“I’m sick of it,” he said. “If your cynicism means you stand on the sidelines and throw stones, I’m fine, I can take it. I could give a damn what you think. We’re trying to save some lives. If you’re cynical enough not to understand that, then get off your ass and do something. If you’re angry at me, go do it yourself. Find another cause – I don’t care. We’re working, and we’re going forward.”
This kind of "at least I’m doing something" rhetoric drives development scholars absolutely bonkers and for good reason. But for now at least, it’s hard to see how Clooney’s presence as a cheerleader is really hurting. Once the referendum is over however, I hope he heads back to Lake Como. In international negotiations, a certain degree of obscurity can often be just as helpful as the media spotlight. Making a new country is a messy business anywhere, and in Southern Sudan, it’s going to involve some very ugly compromises. (I wonder, for instance, what Clooney thinks about the Southern Sudanese government expelling Darfuri rebels in what seemed to be a conciliatory gesture to Khartoum.)
In the difficult weeks and months ahead, Southern Sudan will certainly need international help, but it should come from people with a slightly more extensive background in the situation. Most of all, it’s probably not helpful for celebrities and the media to promote a narrative of the Juba government as the "good Sudan." Even in the best-case scenario, it’s bound to be shattered pretty quickly.
In any event, the Southern Sudanese themselves seem pretty nonplussed about Danny Ocean’s presence in their midst:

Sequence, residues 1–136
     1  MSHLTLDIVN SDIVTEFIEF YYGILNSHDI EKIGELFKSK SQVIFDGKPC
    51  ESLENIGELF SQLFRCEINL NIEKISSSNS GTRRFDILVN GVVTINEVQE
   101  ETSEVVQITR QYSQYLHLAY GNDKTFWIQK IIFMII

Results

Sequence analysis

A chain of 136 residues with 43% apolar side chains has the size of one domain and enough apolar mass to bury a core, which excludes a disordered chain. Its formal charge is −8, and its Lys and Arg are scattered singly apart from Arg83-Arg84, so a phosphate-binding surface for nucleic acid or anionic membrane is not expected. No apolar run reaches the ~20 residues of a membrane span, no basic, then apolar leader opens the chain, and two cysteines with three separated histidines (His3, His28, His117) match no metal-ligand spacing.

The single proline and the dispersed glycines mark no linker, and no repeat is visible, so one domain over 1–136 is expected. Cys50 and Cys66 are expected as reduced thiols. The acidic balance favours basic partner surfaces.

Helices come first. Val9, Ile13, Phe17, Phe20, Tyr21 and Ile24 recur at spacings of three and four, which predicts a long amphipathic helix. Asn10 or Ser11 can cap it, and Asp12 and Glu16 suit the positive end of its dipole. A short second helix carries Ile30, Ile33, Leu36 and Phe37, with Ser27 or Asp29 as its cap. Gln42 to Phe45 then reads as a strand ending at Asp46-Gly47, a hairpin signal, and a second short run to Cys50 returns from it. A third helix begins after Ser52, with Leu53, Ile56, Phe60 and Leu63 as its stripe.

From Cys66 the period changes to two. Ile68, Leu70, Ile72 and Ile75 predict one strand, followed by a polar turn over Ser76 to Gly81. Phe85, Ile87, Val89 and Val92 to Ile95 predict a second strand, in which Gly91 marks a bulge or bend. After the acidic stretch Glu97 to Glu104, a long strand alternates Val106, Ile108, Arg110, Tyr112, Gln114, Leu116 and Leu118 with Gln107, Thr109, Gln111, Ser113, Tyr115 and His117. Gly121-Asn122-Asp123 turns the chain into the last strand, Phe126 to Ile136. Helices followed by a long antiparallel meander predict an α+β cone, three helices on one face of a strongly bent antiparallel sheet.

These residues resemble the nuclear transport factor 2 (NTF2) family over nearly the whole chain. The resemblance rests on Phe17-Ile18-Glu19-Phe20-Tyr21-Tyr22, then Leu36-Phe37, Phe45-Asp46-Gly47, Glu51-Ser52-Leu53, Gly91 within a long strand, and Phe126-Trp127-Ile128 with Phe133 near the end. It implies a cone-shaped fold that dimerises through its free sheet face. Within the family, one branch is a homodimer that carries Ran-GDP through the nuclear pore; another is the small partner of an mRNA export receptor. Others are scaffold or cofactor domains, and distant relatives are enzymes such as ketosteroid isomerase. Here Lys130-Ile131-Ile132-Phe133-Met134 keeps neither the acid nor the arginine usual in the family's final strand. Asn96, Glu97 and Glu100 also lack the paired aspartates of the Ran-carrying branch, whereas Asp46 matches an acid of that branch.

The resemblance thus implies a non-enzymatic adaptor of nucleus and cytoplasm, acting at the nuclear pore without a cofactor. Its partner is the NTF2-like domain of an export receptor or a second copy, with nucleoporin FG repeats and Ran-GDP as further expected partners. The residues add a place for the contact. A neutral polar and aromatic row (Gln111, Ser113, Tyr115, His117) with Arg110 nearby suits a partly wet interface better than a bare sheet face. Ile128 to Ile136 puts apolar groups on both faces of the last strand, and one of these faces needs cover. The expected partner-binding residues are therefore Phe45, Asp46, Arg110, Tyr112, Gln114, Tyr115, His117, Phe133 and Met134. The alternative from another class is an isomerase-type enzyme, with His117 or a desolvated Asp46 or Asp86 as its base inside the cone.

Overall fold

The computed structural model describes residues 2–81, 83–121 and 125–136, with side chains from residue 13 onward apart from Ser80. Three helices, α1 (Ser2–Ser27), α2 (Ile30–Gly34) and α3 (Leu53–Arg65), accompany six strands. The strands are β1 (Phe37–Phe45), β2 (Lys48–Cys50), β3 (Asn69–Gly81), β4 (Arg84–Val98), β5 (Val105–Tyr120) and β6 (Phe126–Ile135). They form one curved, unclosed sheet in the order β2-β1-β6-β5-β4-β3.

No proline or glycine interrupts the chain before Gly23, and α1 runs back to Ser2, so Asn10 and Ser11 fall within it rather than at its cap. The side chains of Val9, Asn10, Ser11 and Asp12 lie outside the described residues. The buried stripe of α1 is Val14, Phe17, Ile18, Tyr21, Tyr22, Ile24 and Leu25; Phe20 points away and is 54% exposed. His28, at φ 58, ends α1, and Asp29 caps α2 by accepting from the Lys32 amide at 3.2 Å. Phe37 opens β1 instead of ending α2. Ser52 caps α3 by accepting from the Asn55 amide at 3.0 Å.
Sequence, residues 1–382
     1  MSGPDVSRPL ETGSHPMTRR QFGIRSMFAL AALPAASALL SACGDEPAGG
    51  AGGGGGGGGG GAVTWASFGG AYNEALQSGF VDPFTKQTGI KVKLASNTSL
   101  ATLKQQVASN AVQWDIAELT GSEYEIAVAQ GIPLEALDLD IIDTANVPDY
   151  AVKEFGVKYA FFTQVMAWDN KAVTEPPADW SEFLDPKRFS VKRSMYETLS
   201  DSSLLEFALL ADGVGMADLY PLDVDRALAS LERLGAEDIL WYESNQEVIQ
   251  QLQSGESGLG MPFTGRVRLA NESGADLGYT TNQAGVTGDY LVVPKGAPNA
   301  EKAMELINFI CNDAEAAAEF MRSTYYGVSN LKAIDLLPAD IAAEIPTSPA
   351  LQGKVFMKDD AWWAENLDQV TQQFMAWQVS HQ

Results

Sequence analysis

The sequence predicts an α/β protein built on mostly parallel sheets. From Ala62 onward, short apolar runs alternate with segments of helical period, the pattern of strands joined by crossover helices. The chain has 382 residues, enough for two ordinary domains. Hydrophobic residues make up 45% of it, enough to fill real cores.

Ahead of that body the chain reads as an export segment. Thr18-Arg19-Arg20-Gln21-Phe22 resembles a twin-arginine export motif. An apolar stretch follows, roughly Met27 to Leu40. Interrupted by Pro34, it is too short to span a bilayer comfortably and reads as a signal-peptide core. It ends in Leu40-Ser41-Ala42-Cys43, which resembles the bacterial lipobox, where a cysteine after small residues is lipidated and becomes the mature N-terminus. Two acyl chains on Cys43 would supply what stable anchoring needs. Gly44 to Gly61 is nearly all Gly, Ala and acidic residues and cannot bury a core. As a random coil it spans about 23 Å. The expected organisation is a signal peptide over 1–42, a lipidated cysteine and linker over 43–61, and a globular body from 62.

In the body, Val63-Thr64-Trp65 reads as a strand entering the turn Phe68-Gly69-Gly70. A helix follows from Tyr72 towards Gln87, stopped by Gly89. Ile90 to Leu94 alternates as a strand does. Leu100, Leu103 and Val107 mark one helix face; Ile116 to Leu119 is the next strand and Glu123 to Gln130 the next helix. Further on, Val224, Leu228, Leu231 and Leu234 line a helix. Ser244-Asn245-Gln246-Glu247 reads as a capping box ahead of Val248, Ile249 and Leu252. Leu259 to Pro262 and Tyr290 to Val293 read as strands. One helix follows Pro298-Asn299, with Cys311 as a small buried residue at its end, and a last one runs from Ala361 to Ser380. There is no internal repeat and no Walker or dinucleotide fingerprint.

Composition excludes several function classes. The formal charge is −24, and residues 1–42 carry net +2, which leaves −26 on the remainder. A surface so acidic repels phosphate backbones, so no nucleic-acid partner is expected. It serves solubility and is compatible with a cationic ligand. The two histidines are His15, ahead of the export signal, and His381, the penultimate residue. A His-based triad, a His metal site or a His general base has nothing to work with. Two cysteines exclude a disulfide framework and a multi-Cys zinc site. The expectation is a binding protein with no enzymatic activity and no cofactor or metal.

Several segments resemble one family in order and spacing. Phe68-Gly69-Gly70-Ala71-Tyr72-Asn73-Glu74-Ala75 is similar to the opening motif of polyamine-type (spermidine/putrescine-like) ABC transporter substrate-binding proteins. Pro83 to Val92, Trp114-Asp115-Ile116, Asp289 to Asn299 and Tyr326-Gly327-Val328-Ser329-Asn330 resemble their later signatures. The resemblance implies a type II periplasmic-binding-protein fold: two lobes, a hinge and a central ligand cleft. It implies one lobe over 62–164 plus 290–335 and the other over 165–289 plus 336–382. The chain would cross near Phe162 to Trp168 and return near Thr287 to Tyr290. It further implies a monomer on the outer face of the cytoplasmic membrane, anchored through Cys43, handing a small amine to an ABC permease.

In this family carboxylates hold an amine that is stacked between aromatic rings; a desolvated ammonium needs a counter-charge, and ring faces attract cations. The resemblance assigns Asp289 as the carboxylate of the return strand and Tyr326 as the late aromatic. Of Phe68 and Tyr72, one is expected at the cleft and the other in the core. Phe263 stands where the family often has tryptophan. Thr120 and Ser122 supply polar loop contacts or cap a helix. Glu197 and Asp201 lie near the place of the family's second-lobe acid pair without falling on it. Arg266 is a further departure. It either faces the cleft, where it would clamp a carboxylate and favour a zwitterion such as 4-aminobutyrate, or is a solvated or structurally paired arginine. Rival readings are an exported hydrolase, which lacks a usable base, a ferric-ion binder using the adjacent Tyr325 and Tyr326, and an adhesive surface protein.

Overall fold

“Who is that man talking?” a Sudanese journalist asked, gesturing to a white man with a group of reporters around him. When told it was George Clooney, a movie star, the Sudanese journalist looked confused and walked away.
For more on Southern Sudan, check out Maggie Fick on the dangers of referendum euphoria, view a slide show of Juba on the eve of independence, and read Robert Klitgaard on how the region’s leaders are preparing to crack down on corruption.
Josh Rogin covers national security and foreign policy and writes the daily Web column The Cable. His column appears bi-weekly in the print edition of The Washington Post. He can be reached for comments or tips at firstname.lastname@example.org.
Previously, Josh covered defense and foreign policy as a staff writer for Congressional Quarterly, writing extensively on Iraq, Afghanistan, Guantánamo Bay, U.S.-Asia relations, defense budgeting and appropriations, and the defense lobbying and contracting industries. Prior to that, he covered military modernization, cyber warfare, space, and missile defense for Federal Computer Week Magazine. He has also served as Pentagon Staff Reporter for the Asahi Shimbun, Japan's leading daily newspaper, in its Washington, D.C., bureau, where he reported on U.S.-Japan relations, Chinese military modernization, the North Korean nuclear crisis, and more.
A graduate of George Washington University's Elliott School of International Affairs, Josh lived in Yokohama, Japan, and studied at Tokyo's Sophia University. He speaks conversational Japanese and has reported from the region. He has also worked at the House International Relations Committee, the Embassy of Japan, and the Brookings Institution.
Josh's reporting has been featured on CNN, MSNBC, C-Span, CBS, ABC, NPR, WTOP, and several other outlets. He was a 2008-2009 National Press Foundation's Paul Miller Washington Reporting Fellow, 2009 military reporting fellow with the Knight Center for Specialized Journalism and the 2011 recipient of the InterAction Award for Excellence in International Reporting. He hails from Philadelphia and lives in Washington, D.C.| The Cable |